assessment of sustainability of our forests

Southern Forest Resource Assessment

led by the USDA Forest Service's Southern Region and Southern Research Station in collaboration with the USEPA, US Fish & Wildlife, TVA, and state forestry agencies of the Southern United States
 
 

News Release

Federal Agencies Hold Public Meetings Concerning Southern Forest Resource Assessment
August 3rd, 1999, Atlanta GA -- Earlier this year, federal and state agencies across the Southeast launched a joint study aimed at measuring whether the South's forests can continue to meet growing resource demands for forest products and amenities for the long term. As a tool to gain public input on this study, the Forest Service and other participating agencies will be holding a series of public meetings across the Southeast in the month of August in the States of Louisiana, Mississippi, Tennessee, North Carolina, and Georgia. (Note: Click here for locations, dates, and times.)

The project, which officially got underway in March and is expected to conclude in 2001, is now being referred to as the Southern Forest Resource Assessment. With the USDA Forest Service taking the lead in this endeavor, the US Environmental Protection Agency, US Fish and Wildlife Service, Tennessee Valley Authority, and southern state forestry agencies have joined forces in this two-year initiative.

"This assessment can be a relevant contribution to the long-term quality of southern forests," stated John Greis, Forest Service Team Leader for this study.

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According to Greis, the 200+ million acres of Southern United States forests, which produce a wide variety of products and benefits for people while hosting a rich mixture of plants, wildlife, and aquatic species, are among the most productive and diverse in the world. However, pressures being placed on them are increasing as population in the region expands and the world's demand for forest products continues to grow. "In order for public and private decision makers to respond appropriately in the new millennium when faced with the challenge of ensuring long-term forest resource vitality," state Greis, "they must be equipped with the best information available regarding the forest ecosystem's status, diversity, and sustainability.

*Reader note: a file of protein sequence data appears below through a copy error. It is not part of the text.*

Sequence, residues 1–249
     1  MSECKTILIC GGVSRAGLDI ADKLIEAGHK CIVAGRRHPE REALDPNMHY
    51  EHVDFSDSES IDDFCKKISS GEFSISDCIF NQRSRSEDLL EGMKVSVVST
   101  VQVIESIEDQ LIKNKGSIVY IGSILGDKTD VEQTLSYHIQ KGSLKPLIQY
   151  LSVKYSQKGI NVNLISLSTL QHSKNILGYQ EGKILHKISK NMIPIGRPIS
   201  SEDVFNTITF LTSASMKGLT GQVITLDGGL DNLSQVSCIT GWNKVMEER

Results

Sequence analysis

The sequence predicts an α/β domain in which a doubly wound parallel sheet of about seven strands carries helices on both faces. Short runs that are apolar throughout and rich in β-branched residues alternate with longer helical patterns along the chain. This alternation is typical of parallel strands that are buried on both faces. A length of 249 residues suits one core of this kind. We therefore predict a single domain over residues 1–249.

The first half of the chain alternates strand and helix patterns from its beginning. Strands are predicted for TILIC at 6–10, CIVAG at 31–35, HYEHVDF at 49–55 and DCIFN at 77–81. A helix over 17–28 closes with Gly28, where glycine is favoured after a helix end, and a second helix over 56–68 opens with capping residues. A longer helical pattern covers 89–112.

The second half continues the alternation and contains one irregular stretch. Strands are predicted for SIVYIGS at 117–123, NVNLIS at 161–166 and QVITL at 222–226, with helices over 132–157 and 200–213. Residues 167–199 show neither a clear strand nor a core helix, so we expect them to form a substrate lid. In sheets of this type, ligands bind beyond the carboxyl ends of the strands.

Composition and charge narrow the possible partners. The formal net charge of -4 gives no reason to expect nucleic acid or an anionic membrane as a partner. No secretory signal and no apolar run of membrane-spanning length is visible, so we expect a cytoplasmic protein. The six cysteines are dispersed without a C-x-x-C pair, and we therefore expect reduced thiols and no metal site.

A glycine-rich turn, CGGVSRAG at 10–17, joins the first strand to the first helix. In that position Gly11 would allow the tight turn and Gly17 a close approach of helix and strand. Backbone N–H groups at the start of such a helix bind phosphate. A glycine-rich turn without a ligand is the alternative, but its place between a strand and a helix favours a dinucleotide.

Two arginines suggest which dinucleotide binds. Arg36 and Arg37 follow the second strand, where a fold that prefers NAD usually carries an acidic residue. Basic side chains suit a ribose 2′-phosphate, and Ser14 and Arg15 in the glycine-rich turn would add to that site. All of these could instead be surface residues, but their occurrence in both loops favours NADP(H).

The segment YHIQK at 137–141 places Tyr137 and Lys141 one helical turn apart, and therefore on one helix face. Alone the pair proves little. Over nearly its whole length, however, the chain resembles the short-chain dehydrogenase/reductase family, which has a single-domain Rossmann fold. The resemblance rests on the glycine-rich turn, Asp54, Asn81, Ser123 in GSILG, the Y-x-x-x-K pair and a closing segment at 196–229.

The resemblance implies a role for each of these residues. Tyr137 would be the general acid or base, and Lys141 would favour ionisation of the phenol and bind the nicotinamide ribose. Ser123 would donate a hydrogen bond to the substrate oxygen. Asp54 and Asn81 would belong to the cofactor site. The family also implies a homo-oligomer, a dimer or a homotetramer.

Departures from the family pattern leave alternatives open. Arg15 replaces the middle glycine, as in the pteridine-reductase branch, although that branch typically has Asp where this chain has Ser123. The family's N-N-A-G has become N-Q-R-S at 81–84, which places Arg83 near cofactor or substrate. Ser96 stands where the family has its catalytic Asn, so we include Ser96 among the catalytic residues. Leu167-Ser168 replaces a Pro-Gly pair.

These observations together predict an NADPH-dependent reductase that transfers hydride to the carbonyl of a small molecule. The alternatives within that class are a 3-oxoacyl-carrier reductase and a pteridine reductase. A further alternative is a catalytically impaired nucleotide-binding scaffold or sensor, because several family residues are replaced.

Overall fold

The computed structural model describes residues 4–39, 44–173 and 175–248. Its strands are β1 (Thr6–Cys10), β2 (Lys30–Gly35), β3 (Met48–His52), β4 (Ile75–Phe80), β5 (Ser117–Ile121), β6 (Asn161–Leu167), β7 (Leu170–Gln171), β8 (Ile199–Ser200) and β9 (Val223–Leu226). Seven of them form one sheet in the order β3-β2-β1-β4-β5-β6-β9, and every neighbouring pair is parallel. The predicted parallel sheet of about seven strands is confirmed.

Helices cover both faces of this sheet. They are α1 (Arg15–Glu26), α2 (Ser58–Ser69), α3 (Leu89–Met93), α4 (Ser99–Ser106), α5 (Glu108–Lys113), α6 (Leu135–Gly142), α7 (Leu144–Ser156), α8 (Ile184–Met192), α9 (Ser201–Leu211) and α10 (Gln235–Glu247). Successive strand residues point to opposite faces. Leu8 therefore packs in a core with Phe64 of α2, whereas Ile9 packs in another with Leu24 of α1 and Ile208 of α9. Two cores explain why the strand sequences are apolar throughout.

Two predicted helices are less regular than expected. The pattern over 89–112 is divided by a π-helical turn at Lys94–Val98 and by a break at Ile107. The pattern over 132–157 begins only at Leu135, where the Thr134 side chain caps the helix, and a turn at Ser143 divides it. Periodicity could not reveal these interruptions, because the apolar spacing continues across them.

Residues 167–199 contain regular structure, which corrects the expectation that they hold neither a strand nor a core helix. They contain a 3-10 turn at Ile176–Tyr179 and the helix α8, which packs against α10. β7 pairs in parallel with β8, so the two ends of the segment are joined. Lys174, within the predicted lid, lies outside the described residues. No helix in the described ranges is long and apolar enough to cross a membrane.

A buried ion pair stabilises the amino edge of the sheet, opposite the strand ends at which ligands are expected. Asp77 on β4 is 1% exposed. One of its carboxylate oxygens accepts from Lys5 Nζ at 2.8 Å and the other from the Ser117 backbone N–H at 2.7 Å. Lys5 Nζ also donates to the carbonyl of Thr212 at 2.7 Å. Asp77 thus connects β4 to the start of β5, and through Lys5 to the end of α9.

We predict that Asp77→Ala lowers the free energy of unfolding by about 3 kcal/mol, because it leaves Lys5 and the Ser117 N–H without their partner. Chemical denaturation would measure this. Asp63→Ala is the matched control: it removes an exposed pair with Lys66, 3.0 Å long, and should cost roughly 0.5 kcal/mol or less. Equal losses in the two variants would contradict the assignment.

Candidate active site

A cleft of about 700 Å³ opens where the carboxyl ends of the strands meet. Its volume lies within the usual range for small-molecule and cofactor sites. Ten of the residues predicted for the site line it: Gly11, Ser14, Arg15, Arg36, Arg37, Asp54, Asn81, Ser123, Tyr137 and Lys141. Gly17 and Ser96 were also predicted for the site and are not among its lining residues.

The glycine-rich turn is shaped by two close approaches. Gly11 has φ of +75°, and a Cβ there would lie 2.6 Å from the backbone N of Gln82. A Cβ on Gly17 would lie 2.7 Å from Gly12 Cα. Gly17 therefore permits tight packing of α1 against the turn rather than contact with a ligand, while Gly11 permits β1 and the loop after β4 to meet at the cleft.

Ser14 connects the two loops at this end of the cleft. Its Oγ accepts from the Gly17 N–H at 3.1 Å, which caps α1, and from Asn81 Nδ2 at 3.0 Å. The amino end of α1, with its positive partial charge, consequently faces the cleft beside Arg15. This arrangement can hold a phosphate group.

Input from the public is desired from the beginning in order to help ensure the long-term quality of southern forest. At the meetings, persons attending will have the opportunity to share their views in workshop fashion. Public input will be used to help the team refine the study. Persons who can not attend the meetings are encouraged to submit their input or comments on this website or directly to John Greis at jgreis@fs.fed.us or co-team leader, David Wear at dwear@fs.fed.us.

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  modified: 17-APR-2000
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